With ext4's delayed allocation, the metadata changes can be journalled without writing out the blocks. So in case of a crash, the metadata changes (that were journalled) get replayed, but the data changes don't.This is so broken. How can anyone think this is a good idea? Or an "upgrade" from ext3?
Because of the speedup. Since the beginning of Unix, people have sacrificed crash survivability for speed. An Ext2 filesystem after a crash can be in much worse state than this (because it doesn't journal even the metadata).
Even given user-level options to make the choice, the vast majority choose speed. So if delayed allocation makes access even faster, I can understand someone trading a higher probability of corrupting files.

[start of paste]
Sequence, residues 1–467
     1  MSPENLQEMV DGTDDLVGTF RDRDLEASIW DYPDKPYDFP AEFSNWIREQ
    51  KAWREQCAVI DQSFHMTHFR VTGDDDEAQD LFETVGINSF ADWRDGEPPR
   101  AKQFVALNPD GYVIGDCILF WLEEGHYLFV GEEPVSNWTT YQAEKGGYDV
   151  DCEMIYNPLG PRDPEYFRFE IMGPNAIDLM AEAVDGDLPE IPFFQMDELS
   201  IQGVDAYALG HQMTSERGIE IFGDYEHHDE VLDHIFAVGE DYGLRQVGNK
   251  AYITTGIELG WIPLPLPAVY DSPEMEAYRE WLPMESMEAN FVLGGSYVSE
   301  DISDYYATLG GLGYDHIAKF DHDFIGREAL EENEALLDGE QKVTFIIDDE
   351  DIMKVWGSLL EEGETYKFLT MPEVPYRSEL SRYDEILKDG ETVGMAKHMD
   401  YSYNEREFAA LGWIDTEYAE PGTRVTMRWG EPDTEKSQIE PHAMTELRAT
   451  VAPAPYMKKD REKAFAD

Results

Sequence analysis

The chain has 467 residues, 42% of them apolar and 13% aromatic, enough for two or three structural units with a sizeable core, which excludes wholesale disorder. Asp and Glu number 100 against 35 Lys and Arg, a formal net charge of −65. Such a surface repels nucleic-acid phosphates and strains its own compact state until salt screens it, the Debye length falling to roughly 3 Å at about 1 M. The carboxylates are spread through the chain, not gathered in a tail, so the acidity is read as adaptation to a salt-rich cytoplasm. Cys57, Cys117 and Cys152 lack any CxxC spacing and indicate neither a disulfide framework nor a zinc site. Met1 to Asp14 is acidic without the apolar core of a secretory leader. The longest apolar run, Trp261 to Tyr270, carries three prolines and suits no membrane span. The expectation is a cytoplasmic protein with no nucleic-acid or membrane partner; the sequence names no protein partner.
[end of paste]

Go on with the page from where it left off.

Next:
As has been noted, applications that are affected are the ones that already accept a fair amount of corruption risk, so this is just a quantitative increase in risk, not qualitative.
The ext3 behavior that some people prefer is just an accident, by the way. The reason data=ordered is the default with ext3 is security, not crash resistance. The crash resistance is a by-product. Had ext3 originally done what ext4 does, people wouldn't have called it wrong.
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